by Daniel Gilbert
Alfred A. Knopf, 2006

by Jonathan Haidt
Basic Books, 2006

by Darrin M. McMahon
Atlantic Monthly Press, 2006

The sky was smeared with the lights from the midway, spinning, blinking, beckoning to risk takers, but I decided to go for a different kind of thrill: Ronnie and Donnie Galyon, the Siamese Twins, were at the Minnesota State Fair. Feeling some guilt, I bought my ticket and cautiously approached the window of the trailer they called home. Thirty years old, joined at the stomach, they were sitting on a sofa, craning their necks to watch television.

Twenty-five years later I am still struck by this dizzying conjunction of the grotesque and the mundane. Trying to project myself into their situation--a man with two heads, two men with one body--I felt only sickness, horror and a certainty that I would rather be dead. Yet there they were, traveling from town to town, leading some kind of life.

When we try to envision another's happiness, we suffer from arrogance and a poverty of imagination. In 1997, when science writer Natalie Angier interviewed Lori and Reba Schappell, connected at the back of the head and sporting different hairdos, each insisted that she was basically content.

"There are good days and bad days--so what?" Reba said. "This is what we know. We don't hate it. We live it every day." Lori was as emphatic: "People come up to me and say, 'You're such an inspiration. Now I realize how minor my own problems are compared to yours.' But they have no idea what problems I have or don't have, or what my life is like.''

Three recent books--two by scientists and one by a historian--take on the quest for the good life, in which common sense and the received wisdom of the ages is increasingly confronted by findings from psychology, neuroscience and genetics.

In the fight for survival, evolution has naturally molded our nervous systems to respond more quickly to the negative than to the positive. Before the late-blooming forebrain can reason that the hiss we hear is from an espresso machine, the primitive amygdala whispers "snake." Depending on which part of the brain is paid more heed, a person will tend to be glum and anxious or cheerful and daring, but the choice may be beyond control.

Each of us, it seems, has an emotional "set point" or "cognitive style" that is genetically rooted and hard to budge. In The Happiness Hypothesis, Jonathan Haidt, a psychologist at the University of Virginia, observes that lottery winners and paralysis victims quickly return to equilibrium, regaining the level of joy--or sadness--they felt before their brush with fate. How Ronnie, Donnie, Lori, Reba and the rest of us feel about life may depend less on circumstance than on natural disposition, the shape of the brain.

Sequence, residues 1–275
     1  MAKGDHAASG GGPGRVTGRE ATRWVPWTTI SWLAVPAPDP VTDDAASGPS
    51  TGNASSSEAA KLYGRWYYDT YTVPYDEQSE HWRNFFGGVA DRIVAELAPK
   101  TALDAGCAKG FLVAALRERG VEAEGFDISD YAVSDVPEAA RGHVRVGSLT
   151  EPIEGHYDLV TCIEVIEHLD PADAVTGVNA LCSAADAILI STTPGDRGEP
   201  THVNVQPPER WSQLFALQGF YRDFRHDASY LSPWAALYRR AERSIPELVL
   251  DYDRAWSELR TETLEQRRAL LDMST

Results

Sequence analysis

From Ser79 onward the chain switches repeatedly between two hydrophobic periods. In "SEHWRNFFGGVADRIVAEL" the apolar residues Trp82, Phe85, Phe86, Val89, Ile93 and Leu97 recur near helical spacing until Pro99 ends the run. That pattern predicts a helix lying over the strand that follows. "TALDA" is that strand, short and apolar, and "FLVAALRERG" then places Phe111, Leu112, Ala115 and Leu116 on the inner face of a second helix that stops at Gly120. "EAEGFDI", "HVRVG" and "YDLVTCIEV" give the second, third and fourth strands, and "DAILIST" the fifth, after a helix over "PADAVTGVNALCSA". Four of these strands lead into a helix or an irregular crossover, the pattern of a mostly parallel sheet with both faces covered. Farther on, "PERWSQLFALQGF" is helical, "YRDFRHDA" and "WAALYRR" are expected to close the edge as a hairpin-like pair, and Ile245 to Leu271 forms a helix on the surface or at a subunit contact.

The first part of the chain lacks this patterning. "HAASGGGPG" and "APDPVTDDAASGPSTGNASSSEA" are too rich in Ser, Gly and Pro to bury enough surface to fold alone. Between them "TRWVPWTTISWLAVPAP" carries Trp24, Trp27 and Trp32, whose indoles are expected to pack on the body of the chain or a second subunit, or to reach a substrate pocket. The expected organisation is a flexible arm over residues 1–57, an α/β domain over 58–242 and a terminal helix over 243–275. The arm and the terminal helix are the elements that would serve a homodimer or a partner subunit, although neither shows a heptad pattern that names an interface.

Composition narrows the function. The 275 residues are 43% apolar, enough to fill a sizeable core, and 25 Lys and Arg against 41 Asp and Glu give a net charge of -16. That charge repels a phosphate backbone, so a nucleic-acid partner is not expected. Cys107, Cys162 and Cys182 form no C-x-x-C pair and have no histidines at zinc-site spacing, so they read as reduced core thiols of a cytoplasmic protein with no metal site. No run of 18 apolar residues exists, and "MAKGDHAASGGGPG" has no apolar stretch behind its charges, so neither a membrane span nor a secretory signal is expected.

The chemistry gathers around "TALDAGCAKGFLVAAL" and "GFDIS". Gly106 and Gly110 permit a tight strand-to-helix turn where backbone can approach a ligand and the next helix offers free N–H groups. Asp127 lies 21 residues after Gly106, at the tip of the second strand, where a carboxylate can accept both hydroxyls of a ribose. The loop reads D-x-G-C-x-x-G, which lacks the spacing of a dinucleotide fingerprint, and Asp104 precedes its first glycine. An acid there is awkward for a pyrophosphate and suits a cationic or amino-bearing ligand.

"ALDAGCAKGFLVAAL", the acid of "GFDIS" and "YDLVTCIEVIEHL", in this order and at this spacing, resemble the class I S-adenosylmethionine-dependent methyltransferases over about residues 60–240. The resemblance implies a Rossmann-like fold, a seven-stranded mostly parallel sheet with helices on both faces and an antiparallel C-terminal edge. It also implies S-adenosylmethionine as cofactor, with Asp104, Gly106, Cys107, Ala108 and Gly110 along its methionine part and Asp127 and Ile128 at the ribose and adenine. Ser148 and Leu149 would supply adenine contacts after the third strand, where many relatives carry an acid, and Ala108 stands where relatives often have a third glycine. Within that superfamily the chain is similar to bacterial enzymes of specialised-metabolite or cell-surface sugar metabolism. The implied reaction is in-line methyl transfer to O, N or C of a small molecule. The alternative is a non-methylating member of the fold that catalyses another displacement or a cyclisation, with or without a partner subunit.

Knowing nothing of neurology, the ancient Greeks equated happiness with being favored by the gods, something over which they were powerless. This fatalism is frozen in our language. Happiness, happenstance, haphazard, hapless--all derive from the same root. In Happiness: A History, Darrin M. McMahon, a historian at Florida State University, charts how this germ of an idea changed over time. With Christianity, happiness became something to aspire to in the afterlife, and with the Enlightenment something to pursue on earth. From there it was a natural progression to the smiley face (invented in 1963, McMahon tells us, by one Harvey R. Ball) and the decision by the country of Bhutan to measure its economy according to "gross national happiness."

With evolutionary biology we have come, full circle, back to the Greeks: happiness is in the luck of the draw, how we fare in the genetic sweepstakes, the modern name for Fortuna's wheel. Not even geography or economic position is as influential a factor. Several years ago in the journal Science & Spirit, another psychologist, Robert Biswas-Diener, wrote about the remarkably high spirits he found among people in a Calcutta slum and on the harsh northern coast of Greenland. "Research shows that we are the fortunate inheritors of a highly evolved emotional system that leads us to be, for the most part, somewhat happy," he wrote. "We have a tendency to interpret things positively and to adjust quickly to most events."

The downside is that this reflexive optimism can keep us from making good guesses about what will or will not bring us joy. It is not just the hard lives of others that we have trouble imagining but also our own. In Stumbling on Happiness, Daniel Gilbert, a Harvard psychologist studying "affective forecasting," shows that people have inflated expectations about the joy they will derive from a vacation, a new car or child, or a second dessert. But our failure as futurists also cuts the other way. We overestimate how bad we will feel if we get fired or lose a tooth or even a friend or mate. Rationalization, our emotional immune system, insists on putting the best face possible on even the saddest events.

"We treat our future selves as though they were our children," Gilbert writes, "spending most of the hours of most of our days constructing tomorrows that we hope will make them happy." But the children turn out to be ingrates, complaining that we should have let them stay in the old house or study dentistry instead of law.

Taken together, all these findings may seem a little depressing. But true to our nature, we can see them in a sunnier way. A whole industry has sprung up--mass-market therapy, cosmetics, cheap luxury cruises--promoting a kind of gross national sappiness, an obligation to have fun. A little knowledge from the psych labs may take off some of the pressure, providing grist for the inverse of a self-help book--not a guide on how to achieve happiness but on understanding why, in the end, you probably won't.

George Johnson's most recent book is Miss Leavitt's Stars: The Unknown Story of the Woman Who Discovered How to Measure the Universe (W. W. Norton, 2005).